3. Section Selection: Users felt this was a good overview of the theater with ball park prices.

3. Section Selection: Users felt this was a good overview of the theater with ball park prices.

 
I do prefer to look at a map so I can get a sense of where I am sitting and typically that deciphers price but I would hope to see the price once I selected a seat.
2. Event Time Screen: Users felt this screen was intuitive choose their dates.

2. Event Time Screen: Users felt this screen was intuitive choose their dates.

 
4. Select your Seat: Users flagged the seat selection because there was no seat or price confirmation. Additionally they wanted a way to delete tickets.

4. Select your Seat: Users flagged the seat selection because there was no seat or price confirmation. Additionally they wanted a way to delete tickets.

5. Checkout Screen: Not showing a delivery method (mail, will call, mobile, etc) was confusing to users.

5. Checkout Screen: Not showing a delivery method (mail, will call, mobile, etc) was confusing to users.

 

Wireframes

Key Takeaway - further iterations of the wireframes gleaned pain points from users as well as investing time to learn the Human Interface Guidelines set by Apple

I incorporated our findings from the paper prototype into the digital wireframes, then tested again. The new tests revealed different pain points for users. I also had to revisit iOS standards (HIG) to meet apple compliancy.

1. Home Screen: Users were confused about whether to tap: date’ or “purchase.” Users were conflicted by the wording. I changed the wording and made the two buttons into one button.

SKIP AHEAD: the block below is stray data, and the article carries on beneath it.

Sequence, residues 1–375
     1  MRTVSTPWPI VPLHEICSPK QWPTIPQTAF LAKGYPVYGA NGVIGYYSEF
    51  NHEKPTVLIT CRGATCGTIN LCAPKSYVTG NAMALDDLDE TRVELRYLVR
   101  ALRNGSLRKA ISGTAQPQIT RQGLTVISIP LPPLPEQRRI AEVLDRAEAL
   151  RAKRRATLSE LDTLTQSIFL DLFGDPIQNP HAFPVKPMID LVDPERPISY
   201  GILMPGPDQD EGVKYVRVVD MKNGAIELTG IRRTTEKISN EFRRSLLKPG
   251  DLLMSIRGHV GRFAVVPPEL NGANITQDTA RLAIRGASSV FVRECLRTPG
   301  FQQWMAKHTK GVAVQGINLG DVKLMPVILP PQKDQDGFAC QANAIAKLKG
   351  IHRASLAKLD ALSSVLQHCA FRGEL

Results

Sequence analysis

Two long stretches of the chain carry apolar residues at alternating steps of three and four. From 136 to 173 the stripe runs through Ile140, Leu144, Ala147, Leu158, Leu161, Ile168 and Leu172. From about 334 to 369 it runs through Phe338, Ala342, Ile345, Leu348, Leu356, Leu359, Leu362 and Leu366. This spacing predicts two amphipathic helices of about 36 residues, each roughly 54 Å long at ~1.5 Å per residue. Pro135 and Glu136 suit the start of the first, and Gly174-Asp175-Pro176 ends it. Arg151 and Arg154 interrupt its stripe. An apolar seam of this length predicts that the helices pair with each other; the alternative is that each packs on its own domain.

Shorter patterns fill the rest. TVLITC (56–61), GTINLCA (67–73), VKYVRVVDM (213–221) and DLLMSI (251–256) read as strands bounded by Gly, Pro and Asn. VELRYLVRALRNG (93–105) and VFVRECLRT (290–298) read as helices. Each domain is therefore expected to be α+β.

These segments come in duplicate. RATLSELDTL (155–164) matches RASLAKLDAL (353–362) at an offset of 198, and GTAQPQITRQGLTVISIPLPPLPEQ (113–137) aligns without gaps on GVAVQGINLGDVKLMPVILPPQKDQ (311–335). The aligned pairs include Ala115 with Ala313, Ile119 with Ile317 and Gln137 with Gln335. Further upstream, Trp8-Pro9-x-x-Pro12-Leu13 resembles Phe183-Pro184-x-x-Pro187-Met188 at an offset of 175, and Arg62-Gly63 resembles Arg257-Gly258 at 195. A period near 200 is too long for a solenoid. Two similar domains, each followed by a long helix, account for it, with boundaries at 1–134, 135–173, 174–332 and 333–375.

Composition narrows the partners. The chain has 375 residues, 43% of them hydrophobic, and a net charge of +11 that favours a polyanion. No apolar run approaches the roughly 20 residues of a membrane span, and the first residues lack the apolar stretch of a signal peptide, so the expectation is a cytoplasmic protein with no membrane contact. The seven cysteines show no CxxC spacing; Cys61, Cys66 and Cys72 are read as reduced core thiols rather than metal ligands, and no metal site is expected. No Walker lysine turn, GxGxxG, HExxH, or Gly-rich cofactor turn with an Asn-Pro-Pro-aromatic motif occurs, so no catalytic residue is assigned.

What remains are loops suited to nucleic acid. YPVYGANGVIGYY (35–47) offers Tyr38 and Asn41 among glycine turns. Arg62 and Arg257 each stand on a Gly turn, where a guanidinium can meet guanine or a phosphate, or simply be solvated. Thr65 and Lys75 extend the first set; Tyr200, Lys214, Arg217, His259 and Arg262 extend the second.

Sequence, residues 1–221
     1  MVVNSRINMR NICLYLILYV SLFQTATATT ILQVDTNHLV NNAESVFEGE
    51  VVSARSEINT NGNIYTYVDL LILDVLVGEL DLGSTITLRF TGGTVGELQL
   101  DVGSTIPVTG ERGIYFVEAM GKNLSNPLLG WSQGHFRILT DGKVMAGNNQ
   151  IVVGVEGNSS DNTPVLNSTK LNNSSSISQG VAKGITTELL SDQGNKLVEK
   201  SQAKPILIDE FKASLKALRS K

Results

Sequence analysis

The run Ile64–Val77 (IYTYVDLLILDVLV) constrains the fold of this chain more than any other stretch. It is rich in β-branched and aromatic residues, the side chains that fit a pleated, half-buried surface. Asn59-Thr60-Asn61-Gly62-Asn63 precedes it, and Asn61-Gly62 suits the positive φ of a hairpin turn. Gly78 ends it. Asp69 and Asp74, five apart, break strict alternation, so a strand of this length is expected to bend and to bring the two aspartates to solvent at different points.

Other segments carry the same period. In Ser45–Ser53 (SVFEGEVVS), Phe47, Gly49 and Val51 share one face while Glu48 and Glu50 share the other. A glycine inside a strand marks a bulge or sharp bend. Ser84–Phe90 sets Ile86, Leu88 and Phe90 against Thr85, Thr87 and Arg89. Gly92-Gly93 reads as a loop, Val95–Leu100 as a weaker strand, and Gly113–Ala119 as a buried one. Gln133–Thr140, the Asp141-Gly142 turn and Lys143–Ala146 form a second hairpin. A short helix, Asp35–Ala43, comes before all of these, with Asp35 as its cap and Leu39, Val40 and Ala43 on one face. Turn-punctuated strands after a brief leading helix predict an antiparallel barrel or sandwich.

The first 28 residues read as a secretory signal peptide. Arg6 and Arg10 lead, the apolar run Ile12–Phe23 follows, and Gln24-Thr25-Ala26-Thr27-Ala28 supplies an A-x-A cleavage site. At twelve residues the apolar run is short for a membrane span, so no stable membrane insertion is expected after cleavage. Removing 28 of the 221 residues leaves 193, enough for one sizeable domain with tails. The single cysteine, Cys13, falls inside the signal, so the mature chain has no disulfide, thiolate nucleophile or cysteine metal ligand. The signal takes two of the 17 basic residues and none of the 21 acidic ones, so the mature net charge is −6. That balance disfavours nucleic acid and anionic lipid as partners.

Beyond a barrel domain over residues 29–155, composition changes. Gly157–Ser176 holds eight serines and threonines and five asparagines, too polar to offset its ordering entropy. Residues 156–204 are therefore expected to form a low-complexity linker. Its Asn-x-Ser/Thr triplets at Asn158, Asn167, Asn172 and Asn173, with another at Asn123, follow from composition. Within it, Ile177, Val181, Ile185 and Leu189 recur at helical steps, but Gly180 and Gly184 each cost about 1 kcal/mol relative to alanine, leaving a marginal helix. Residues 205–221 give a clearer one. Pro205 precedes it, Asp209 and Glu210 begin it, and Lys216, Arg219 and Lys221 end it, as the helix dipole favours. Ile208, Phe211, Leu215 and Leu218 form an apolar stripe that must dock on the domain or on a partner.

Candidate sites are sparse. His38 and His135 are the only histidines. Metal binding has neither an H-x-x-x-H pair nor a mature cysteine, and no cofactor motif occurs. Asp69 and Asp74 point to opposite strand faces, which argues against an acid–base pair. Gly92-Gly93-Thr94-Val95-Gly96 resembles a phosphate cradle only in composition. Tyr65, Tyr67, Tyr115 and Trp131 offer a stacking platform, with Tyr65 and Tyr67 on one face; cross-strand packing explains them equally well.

1. Home Screen: Users were confused about whether to tap: date’ or “purchase.” Users were conflicted by the wording. I changed the wording and made the two buttons into one button.

3. Section Selection: Users felt this was a good overview of the theater with ballpark prices.

3. Section Selection: Users felt this was a good overview of the theater with ballpark prices.

Design Studio

Key Takeaway - teamwork enabled a clear understanding how to execute the “Select Your Seat” screen

Luckily we implemented a “design studio” session for the fourth wireframe to see how we could improve the Select Your Seat price confirmation screen.

We produced 15 ideas landing on a new design.

The optimized design is an option where the user selects their seats, and the confirmation populates at the bottom above the “check out” button.

Design Studio sketch

Design Studio sketch

2. Event Screen: The black on the grey color scheme was hard to read and not ADA compliant.

2. Event Screen: The black on the grey color scheme was hard to read and not ADA compliant.

 
4. Select your Seat: Users flagged the seat selection because there was no seat or price confirmation. Additionally, they wanted a way to delete tickets. They also vocalized how they thought the call out was a button.

4. Select your Seat: Users flagged the seat selection because there was no seat or price confirmation. Additionally, they wanted a way to delete tickets. They also vocalized how they thought the call out was a button.

5. Check out Screen: Users at this point felt that the checkout process was clear.

5. Check out Screen: Users at this point felt that the checkout process was clear.